The Journal Record: Task force wants the dope on opioids
By: Sarah Terry-Cobo The Journal Record
OKLAHOMA CITY – Mike Hunter needs both carrots and sticks to fight a dangerous drug problem.
The Oklahoma attorney general said he’s working to get the right people at the table to holistically address the opioid addiction epidemic the state is facing, as part of a task force dedicated to preventing and treating substance abuse. He will also need consensus and eventually will need money from the Legislature.
It’s important to tackle both demand and supply in order to combat widespread opioid abuse and reduce drug-related deaths, Hunter said. Representatives from several health care segments said they’re ready to provide guidance and input to Hunter and his staff.
First he’s looking at supply. He’ll gather data from the state mental health agency and from the narcotics control agency on how much of the drugs are obtained legally from prescriptions and how much comes from black market sources. He’s also seeking recommendations from physicians and pharmacists on how to monitor and to control legal supply.
Hunter said he needs to hear from substance abuse treatment specialists on how to best treat people suffering from addiction. First-person accounts of people who were formerly addicted is an important puzzle piece, too.
Robert Hicks’ staff is on the front line. He’s the CEO of New Hope Recovery Center, an in-patient alcohol and drug treatment center in Sayre. Residents must first hit rock bottom and be motivated to change; otherwise, they’re likely to go back to old habits when they complete the 42-day program.
Many need psychiatric treatment. Once they’re stabilized, they can concentrate on creating healthy coping mechanisms and learn how to deal with triggers that lead to self-medicating. The majority of female patients also receive trauma treatment and grief counseling.
But there could be 300,000 or more Oklahomans who have brain illnesses and substance abuse issues, Hicks said. National data suggests about one in 10 people are afflicted with both.
Hunter said more inpatient drug centers are necessary, but it could take nearly a decade to get enough money to establish enough beds to meet demand. The commission needs to consider empirical data as it develops a model to fund rehab programs, he said.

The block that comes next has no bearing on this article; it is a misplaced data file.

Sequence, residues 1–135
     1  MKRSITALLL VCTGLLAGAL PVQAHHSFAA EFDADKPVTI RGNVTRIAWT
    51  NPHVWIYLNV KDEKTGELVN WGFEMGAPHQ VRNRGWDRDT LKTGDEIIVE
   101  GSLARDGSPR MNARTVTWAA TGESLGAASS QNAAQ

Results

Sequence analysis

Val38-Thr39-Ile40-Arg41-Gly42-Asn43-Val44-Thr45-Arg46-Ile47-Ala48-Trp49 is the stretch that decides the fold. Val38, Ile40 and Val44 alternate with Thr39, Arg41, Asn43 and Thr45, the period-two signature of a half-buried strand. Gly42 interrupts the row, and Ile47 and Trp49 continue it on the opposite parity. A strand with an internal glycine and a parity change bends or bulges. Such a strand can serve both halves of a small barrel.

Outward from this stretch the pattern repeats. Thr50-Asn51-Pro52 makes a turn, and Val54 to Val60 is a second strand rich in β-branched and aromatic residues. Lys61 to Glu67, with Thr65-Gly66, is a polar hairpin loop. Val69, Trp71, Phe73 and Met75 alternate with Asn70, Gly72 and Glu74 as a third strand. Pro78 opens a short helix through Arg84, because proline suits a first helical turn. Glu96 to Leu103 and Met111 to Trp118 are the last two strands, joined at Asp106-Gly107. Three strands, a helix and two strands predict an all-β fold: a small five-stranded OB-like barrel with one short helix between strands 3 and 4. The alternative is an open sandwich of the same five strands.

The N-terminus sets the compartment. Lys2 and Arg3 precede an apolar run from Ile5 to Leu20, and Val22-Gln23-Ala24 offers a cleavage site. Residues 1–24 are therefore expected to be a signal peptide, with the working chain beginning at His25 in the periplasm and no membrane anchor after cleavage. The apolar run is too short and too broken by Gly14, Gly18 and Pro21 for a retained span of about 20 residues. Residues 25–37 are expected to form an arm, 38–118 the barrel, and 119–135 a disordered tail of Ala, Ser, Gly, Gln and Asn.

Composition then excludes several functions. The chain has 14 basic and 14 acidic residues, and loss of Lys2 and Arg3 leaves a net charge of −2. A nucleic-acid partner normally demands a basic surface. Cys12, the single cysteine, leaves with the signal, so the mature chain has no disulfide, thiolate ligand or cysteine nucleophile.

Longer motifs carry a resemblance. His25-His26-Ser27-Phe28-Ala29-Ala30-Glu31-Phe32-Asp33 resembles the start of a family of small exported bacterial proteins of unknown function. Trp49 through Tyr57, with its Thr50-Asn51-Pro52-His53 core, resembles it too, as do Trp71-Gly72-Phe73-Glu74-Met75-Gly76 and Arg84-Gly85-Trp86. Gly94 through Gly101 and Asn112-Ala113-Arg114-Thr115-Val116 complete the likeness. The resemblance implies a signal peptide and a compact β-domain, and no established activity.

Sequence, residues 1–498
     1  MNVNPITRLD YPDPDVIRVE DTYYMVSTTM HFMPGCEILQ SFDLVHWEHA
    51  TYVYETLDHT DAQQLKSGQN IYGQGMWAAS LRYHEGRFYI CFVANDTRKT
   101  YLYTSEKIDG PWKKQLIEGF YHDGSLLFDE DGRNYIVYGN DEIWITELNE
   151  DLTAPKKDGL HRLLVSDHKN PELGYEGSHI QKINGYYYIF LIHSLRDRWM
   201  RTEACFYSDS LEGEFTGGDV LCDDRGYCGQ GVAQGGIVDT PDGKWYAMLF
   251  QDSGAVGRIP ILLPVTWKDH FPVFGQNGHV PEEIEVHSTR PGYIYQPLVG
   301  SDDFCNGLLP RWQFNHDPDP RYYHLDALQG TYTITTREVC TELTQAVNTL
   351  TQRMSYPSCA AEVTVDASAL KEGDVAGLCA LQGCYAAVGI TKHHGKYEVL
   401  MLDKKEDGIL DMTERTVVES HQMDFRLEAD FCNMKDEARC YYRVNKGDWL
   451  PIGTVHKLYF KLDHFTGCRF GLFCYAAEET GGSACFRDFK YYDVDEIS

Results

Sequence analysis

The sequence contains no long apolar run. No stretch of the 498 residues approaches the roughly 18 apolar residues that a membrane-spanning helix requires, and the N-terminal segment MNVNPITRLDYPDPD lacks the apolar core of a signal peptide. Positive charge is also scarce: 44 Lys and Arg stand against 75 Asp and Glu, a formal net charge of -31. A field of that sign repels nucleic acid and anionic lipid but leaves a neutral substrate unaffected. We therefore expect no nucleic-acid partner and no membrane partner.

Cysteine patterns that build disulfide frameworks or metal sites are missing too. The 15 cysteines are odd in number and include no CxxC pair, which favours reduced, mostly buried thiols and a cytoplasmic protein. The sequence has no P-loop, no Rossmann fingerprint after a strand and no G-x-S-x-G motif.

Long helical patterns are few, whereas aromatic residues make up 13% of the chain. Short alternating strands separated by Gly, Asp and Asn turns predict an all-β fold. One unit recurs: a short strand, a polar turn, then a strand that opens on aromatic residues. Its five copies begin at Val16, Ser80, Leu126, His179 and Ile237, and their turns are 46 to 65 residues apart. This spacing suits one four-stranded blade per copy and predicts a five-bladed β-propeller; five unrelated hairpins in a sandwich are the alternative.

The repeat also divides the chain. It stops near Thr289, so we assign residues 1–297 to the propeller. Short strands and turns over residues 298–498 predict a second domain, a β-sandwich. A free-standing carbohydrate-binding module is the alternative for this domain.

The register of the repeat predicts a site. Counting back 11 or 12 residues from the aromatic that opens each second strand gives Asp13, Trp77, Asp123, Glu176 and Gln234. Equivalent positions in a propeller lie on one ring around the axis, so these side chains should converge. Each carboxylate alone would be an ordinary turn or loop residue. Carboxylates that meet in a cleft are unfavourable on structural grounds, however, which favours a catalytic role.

Dr. Kevin Taubman said continued education for physicians is an important part of the solution. A surgeon and president of the Oklahoma State Medical Association, Taubman said university professors are readjusting their approach to treating patients who might meet criteria for chronic pain conditions.
“We have to learn more and understand better the biology of the patient with chronic pain before they get their medicine, so we can see those that could be at risk for addiction,” he said.
Changes requiring mandatory checks into Oklahoma’s prescription monitoring program helped doctors in recent years learn a patient’s prescription history. And though the state’s program was recently expanded to connect with dozens of other states, not all participate.
“We need to insist the databases are nationwide,” Taubman said. “Some border states don’t share (data) with us.”
Debra Billingsley said the Oklahoma Pharmacists Association supports improvements to the prescription monitoring program. Her members tell her they want to be involved in Hunter’s task force. Pharmacists can teach first-time opioid recipients how to take their medicines properly, as well as how to safely store those drugs and how to properly destroy them once they’re no longer needed.
Billingsley said it is important that health care workers can get anonymous data to identify possible trends. That would help combat the problem.
“Then you could focus on which drugs were the number one and what’s different in one part of the state versus another,” she said.
Hunter said he’s looking at other states that have stricter requirements for prescription monitoring programs and is considering recommending stricter controls.
Mark Woodward said his agency welcomes recommendations on how to improve the prescription database. The spokesman for the Oklahoma Bureau of Narcotics and Dangerous Drugs Control said it’s important to offer treatment for people who commit addiction-based crimes. But law enforcement should be tough on people who sell drugs for profit.
Hunter said law enforcement agencies will play a crucial role in addressing illegal supplies, including combating Mexican cartels bringing heroin into the state.
“My approach to that will be a concerted, collaborative way to develop a well-organized state and federal approach on the law enforcement side,” Hunter said.
Fighting opioid abuse is critical to help reduce the strain on the criminal justice system, to help people get the treatment they need and help families who are affected. Hunter coached boys’ football when he lived in northern Virginia, and said he saw players who were hurt on the field and received a prescription painkiller, but later became addicted. Their lives were destroyed.
“That is what motivates me, seeing this firsthand, how this can impact a little boy and his parents,” Hunter said. “It’s horrific, the toll is not only on the person but the family.”